¶ 8. The train that struck plaintiff's pickup truck was approximately 15.5 feet tall and painted bright red on its front. The train's three crewmembers were riding in the lead locomotive. As the train approached the crossing, one of the crew members was blowing the train's horn. According to the data downloaded from the locomotive's event recorder, the horn was sounded for eleven seconds prior to impact. Plaintiff admits that the train crew properly sounded the train's horn. The horn was loud enough to comply with federal regulations.

         ¶ 9. The event-recorder download showed that the train's speed as it approached the Slaughterhouse Road crossing was thirty-four miles per hour. A crew member applied the train's emergency brake after observing plaintiff's vehicle, but he was unable to stop the train before it collided with plaintiff's truck on the track.

         ¶ 10. In March 2014, plaintiff filed a complaint against NECR and three of its employees[4] alleging, among other things, negligence in failing to give an adequate audible warning of the train's approach, to provide adequate sightlines for motorists to see an approaching train at the crossing, to inspect and repair an unsafe crossing, to report unsafe conditions at the crossing, and to install adequate warning devices at the crossing. Over the next several years, the parties retained experts and engaged in discovery. In January 2017, the trial court narrowed plaintiff's claims to some extent in a summary judgment ruling. After a multi-day jury trial on the remaining claims, the jury determined that NECR was not negligent and the trial court entered judgment for the railroad.

         ¶ 11. On appeal, plaintiff challenges: (1) the trial court's summary judgment ruling precluding him from arguing that defendant was liable on account of the absence of a crossbuck on the right side of the road and an advance warning sign; (2) the court's denial of a request for a jury view of the accident site; (3) the court's denial of his motion for a directed verdict finding NECR liable as a matter of law on account of its violation of a safety statute relating to maintenance of the railroad right of way; and (4) the court's denial of his request for an instruction on the sudden emergency doctrine. We consider each challenge in turn.

         II. Location of Crossbuck Warning Sign and Absence of Advance Warning Sign

         ¶ 12. In a January 2017 decision in response to the parties' cross-motions for partial summary judgment, the trial court granted defendants summary judgment on plaintiff's claim that NECR was negligent with respect to maintenance or operation of the horn. It also granted defendants summary judgment on any claim that the train was traveling at an excessive speed. The court denied defendants' motion for summary judgment with respect to plaintiff's claim that the railroad breached a duty to remove the rock outcropping and vegetation along the right of way, thereby leaving motorists with inadequate visibility of approaching trains. The court concluded that there was at least a disputed fact as to whether NECR breached its duty of care by failing to remove vegetation or the rock outcropping.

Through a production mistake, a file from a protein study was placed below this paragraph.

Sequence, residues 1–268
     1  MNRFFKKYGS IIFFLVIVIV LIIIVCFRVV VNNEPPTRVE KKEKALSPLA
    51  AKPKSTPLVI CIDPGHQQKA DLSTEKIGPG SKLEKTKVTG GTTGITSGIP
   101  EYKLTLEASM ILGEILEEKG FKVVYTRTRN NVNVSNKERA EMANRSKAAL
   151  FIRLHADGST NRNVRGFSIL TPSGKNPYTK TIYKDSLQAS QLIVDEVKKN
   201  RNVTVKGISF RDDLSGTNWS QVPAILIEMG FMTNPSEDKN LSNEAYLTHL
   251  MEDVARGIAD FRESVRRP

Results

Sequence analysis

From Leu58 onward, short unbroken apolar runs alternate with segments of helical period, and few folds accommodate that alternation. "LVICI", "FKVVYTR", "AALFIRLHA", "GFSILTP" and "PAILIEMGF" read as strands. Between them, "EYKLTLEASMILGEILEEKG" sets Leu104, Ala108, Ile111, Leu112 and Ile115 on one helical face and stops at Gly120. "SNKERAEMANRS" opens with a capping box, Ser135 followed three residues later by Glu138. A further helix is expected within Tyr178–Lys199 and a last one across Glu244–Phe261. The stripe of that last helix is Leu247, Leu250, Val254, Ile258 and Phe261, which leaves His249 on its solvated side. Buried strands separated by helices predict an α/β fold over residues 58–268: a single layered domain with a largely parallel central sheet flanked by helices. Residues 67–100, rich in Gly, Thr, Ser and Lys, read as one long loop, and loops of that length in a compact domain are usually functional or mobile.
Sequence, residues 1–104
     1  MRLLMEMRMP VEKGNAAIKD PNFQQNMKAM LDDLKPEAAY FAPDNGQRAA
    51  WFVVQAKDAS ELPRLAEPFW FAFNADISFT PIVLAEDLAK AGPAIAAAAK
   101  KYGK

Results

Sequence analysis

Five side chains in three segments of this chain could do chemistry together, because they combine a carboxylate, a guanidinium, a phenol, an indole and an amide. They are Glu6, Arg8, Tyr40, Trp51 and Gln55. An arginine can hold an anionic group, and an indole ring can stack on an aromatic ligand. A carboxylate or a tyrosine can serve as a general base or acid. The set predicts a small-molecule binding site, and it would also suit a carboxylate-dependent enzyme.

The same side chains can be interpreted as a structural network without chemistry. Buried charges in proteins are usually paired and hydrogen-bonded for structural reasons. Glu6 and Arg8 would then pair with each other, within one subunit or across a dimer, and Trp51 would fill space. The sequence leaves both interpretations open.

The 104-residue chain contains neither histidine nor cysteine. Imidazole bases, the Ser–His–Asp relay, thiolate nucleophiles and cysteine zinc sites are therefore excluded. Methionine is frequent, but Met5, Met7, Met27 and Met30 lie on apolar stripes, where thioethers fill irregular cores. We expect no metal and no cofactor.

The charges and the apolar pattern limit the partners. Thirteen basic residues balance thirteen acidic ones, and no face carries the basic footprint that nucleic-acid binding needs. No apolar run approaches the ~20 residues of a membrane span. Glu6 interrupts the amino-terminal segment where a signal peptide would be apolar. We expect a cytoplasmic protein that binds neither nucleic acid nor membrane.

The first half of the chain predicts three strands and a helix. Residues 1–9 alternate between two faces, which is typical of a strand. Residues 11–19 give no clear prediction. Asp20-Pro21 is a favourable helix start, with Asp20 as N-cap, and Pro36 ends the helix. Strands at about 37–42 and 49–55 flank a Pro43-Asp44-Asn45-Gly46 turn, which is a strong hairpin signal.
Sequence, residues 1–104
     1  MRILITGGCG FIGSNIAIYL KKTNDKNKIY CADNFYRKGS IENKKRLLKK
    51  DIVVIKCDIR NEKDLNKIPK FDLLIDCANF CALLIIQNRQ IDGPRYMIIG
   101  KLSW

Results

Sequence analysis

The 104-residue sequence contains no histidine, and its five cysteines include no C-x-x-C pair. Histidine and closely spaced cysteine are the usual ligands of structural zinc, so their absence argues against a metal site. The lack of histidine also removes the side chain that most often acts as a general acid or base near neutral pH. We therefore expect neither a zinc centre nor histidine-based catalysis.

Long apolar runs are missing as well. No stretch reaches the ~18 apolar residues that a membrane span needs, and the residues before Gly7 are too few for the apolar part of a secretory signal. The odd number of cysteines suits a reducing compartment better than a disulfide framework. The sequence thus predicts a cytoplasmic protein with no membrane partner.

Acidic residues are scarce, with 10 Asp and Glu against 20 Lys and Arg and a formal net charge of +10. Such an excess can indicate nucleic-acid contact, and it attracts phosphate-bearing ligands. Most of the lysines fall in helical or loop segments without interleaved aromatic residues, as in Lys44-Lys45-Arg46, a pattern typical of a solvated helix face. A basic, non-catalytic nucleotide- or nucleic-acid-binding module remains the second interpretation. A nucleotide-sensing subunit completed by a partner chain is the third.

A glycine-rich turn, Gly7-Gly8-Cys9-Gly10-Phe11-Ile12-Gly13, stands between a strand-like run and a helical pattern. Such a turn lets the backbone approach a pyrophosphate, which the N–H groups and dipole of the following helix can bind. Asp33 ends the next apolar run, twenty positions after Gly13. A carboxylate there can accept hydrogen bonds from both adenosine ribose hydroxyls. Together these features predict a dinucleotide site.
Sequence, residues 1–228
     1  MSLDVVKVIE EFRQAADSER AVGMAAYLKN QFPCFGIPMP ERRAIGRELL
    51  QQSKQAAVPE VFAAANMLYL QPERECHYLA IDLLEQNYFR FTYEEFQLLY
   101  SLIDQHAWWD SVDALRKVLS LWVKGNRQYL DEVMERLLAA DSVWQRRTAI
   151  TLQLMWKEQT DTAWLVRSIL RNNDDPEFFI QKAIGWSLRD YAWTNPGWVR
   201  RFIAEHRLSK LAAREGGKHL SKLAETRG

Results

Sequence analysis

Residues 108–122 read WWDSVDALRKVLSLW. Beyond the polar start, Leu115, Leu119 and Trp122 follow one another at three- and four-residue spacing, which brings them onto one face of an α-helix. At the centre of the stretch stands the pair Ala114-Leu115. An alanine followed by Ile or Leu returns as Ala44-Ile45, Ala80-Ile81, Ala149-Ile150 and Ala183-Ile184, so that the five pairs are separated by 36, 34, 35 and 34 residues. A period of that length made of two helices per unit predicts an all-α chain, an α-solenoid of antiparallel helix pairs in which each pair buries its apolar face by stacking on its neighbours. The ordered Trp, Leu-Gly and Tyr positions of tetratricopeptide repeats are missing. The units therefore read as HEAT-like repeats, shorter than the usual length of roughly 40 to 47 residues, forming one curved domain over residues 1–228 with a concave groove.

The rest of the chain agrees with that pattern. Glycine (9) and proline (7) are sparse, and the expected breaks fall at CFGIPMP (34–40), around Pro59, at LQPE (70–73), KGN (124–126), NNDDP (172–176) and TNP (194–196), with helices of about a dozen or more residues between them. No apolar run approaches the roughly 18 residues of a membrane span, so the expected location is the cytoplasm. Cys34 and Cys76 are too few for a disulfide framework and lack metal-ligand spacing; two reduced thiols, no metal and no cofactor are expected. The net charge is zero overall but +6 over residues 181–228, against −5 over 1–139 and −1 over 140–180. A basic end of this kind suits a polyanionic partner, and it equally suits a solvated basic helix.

¶ 13. The court also denied summary judgment to both plaintiff and defendants with respect to plaintiff's claim that the visible warning device present at the time of the crossing-a single crossbuck sign on the left-hand side of the road-was inadequate to warn motorists of the crossing. The court ruled that there was at least a disputed fact as to whether NECR's failure to install certain additional warning devices, such as a stop sign, automated gates, flashing lights, an advance warning sign, or a cross-buck sign on the right was a breach of its duty of care. However, the court concluded with respect to certain of these warning devices-namely, a crossbuck on the right side of the road and an advance warning sign-that even if plaintiff established that the failure to place those particular warning devices was a breach of NECR's duty of care, he could not establish that those particular omissions caused or contributed to the collision. The court concluded that plaintiff could establish that other alleged breaches of the duty of care-such as the failure to place gates or flashing lights at the intersection, or the failure to remove vegetation or the rock outcropping-did cause or contribute to the collision, but precluded plaintiff from presenting evidence that defendant's failure to place a crossbuck on the right side of the road, or to take steps to ensure that an advance warning sign was present, contributed to the collision. Plaintiff appeals this ruling.

         ¶ 14. In reviewing plaintiff's appeal of this summary judgment ruling, we apply the same standard as the trial court; we will uphold the court's ruling if no genuine issue of material fact exists and NECR is entitled to judgment as a matter of law. Ainsworth v. Chandler, 2014 VT 107, ¶ 8, 197 Vt. 541, 107 A.3d 905. Although we view the facts submitted in the pleadings and affidavits in the light most favorable to the nonmoving party and we give that party the benefit of all reasonable doubts and inferences in determining whether there is a genuine issue of material fact, "the nonmovant bears the burden of submitting credible documentary evidence or affidavits sufficient to rebut the evidence of the moving party." Id. ΒΆΒΆ 3, 8 (quotation omitted). We conclude that defendant was entitled to summary judgment with respect to plaintiff's ...